Opinion: Skilled Trades Offer a Bright Future for America’s Veterans
December 3, 2021
By Rep. Donald Norcross
Every year, an estimated 200,000 members of the U.S. Armed Forces leave military service to reenter civil society in America. Around 3 million veterans served in the wars in Afghanistan and Iraq, and each of them has faced this difficult transition. I wrote the Bringing Registered Apprenticeships to Veterans Education, or BRAVE, Act, which the House unanimously passed last month, with them in mind.
I am a member of Congress and serve on the House Armed Services Committee. I am the father of a veteran. And I am also the product of a registered apprenticeship. Our veterans are highly trained and skilled, making them uniquely suited for careers in the skilled trades. The BRAVE Act was designed to help their reentry into civilian life by connecting them to the resources they need to find fulfilling, good-paying careers.
When we send our servicemembers to war, we train and equip them with the skills they need to protect and defend the Constitution of the United States. We do this because we want them to succeed in whatever mission they are assigned — be it on the battlefield or rendering humanitarian aid in the wake of natural disasters. They deserve the same level of support when they leave service.
One of the best ways to help our veterans is by providing them with meaningful work opportunities. Most men and women join the Armed Services out of a desire to serve; this mission-oriented mindset is not likely to end even when their formal service does. Registered apprenticeships allow servicemembers to build promising careers for themselves while building their communities.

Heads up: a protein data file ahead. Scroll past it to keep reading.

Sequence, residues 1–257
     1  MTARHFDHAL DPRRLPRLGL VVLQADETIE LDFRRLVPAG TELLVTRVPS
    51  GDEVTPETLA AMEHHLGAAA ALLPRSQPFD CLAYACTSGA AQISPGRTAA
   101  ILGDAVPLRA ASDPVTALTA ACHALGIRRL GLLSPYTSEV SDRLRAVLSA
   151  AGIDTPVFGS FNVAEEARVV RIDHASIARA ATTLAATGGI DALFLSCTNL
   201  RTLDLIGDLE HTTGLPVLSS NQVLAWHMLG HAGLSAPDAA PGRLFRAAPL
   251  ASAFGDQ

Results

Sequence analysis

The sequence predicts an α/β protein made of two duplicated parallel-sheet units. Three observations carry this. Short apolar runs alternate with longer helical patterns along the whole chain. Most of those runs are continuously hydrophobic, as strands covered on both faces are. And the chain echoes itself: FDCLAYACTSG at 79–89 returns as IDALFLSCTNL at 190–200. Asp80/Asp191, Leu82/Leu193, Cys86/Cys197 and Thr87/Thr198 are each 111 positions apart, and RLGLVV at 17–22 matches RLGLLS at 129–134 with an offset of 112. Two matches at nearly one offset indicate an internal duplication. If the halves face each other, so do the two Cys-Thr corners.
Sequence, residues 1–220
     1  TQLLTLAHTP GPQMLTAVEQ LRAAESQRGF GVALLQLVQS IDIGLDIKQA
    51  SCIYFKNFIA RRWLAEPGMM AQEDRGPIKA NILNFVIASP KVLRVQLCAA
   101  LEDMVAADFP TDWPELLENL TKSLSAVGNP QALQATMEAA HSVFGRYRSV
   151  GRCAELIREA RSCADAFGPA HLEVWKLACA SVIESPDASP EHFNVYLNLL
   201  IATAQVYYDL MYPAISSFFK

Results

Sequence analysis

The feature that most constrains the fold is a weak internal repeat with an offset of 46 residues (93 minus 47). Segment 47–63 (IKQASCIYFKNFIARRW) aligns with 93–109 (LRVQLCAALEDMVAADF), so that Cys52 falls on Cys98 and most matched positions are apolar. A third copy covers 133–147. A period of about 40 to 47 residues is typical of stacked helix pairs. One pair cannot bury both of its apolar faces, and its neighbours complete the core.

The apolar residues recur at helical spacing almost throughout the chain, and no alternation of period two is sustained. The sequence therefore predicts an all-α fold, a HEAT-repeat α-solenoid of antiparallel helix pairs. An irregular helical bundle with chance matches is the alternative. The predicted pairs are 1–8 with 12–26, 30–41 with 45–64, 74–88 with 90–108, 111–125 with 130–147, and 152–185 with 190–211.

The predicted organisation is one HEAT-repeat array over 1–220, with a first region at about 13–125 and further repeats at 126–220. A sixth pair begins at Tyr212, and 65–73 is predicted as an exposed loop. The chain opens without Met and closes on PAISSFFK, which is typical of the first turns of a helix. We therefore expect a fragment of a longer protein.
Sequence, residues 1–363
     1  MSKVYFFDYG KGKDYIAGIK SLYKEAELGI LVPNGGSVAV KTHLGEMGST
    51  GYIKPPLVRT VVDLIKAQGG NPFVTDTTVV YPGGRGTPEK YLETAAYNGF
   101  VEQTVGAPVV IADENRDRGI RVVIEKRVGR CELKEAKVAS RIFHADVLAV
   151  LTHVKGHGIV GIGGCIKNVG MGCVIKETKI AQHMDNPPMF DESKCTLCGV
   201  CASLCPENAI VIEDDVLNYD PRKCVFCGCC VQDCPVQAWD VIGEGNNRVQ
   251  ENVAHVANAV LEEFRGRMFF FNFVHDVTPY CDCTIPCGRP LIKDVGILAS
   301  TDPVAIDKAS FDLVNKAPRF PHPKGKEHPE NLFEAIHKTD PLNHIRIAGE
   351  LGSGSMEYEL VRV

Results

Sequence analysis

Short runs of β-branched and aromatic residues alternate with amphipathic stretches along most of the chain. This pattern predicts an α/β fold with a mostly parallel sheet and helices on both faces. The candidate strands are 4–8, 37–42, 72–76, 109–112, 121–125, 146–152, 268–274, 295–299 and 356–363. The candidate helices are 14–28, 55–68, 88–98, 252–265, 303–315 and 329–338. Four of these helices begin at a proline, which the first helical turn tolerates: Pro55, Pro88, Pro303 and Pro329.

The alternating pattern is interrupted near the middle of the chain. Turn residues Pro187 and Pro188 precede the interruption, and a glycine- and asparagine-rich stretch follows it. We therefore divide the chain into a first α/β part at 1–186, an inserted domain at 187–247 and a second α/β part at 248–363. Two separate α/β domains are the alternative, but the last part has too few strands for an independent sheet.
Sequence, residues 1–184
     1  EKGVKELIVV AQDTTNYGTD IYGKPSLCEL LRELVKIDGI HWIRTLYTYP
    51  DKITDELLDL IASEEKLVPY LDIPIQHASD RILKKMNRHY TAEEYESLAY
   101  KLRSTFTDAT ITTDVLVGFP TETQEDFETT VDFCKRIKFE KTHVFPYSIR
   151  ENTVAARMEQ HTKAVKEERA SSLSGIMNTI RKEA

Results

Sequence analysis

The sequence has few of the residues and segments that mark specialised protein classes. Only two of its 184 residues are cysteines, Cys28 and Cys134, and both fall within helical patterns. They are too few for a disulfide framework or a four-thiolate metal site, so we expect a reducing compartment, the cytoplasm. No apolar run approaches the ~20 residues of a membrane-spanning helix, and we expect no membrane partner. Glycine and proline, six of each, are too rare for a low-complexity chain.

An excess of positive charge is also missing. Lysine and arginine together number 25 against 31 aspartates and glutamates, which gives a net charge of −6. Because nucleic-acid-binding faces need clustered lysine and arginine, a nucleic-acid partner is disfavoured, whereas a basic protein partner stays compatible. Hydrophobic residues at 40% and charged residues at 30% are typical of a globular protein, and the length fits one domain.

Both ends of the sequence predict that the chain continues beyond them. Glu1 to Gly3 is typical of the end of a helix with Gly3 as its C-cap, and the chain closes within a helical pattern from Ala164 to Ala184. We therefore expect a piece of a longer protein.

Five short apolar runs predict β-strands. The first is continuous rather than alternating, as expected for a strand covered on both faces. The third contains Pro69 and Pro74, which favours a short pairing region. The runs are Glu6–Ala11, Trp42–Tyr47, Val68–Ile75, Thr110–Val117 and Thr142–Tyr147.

I still take great pride in knowing I was a small part of building enduring monuments in my community. As an electrician and graduate of a registered apprenticeship, I worked to electrify the Ben Franklin Bridge — an iconic landmark used each day by thousands of commuters and that connects my hometown of Camden, N.J., to the city of Philadelphia across the Delaware River. By participating in registered apprenticeships, our veterans can pursue careers that are meaningful in the sense of service but also beneficial individually.
Indeed, the latest data by the Department of Labor shows that 92 percent of registered apprentices remain employed after graduation. The program would allow veterans to “earn while they learn” — or get paid while acquiring the new skills of the trade and avoiding mountains of student debt. Furthermore, the average starting salary for graduates of a registered apprenticeship is $72,000. To put that in context, the average starting salary for graduates of Brown University — an Ivy League school — is around $74,000. (Starting salaries for registered apprenticeships beat those of traditional four-year college graduates by nearly $20,000.)
The pipeline and demand for veterans in the trades already exist. Programs like Helmets to Hardhats help connect veterans with careers in construction. But veterans are not consistently educated about these opportunities — and the BRAVE Act would change that. It would connect veterans to resources that are eligible for VA education benefits, ensuring that when veterans begin considering their career transition, they are provided with up-to-date and easily accessible information about registered apprenticeship programs.
It’s also worth noting that the BRAVE Act passed during National Apprenticeship Week and the same week that President Joe Biden signed the bipartisan infrastructure bill into law. The time is now to connect the millions of veterans to the good-paying, family-sustaining jobs in the trades — which are about to receive trillions in funding to rebuild America’s crumbling infrastructure.
From one apprentice to the future apprentices who I hope are reading this: Consider the trades. Your service to our country and community doesn’t need to end just yet.
Rep. Donald Norcross is a Democrat representing New Jersey’s 1st District. He serves on the Armed Services, Education and Labor, and Science, Space and Technology committees. He worked as an IBEW union electrician for over four decades before his election to Congress.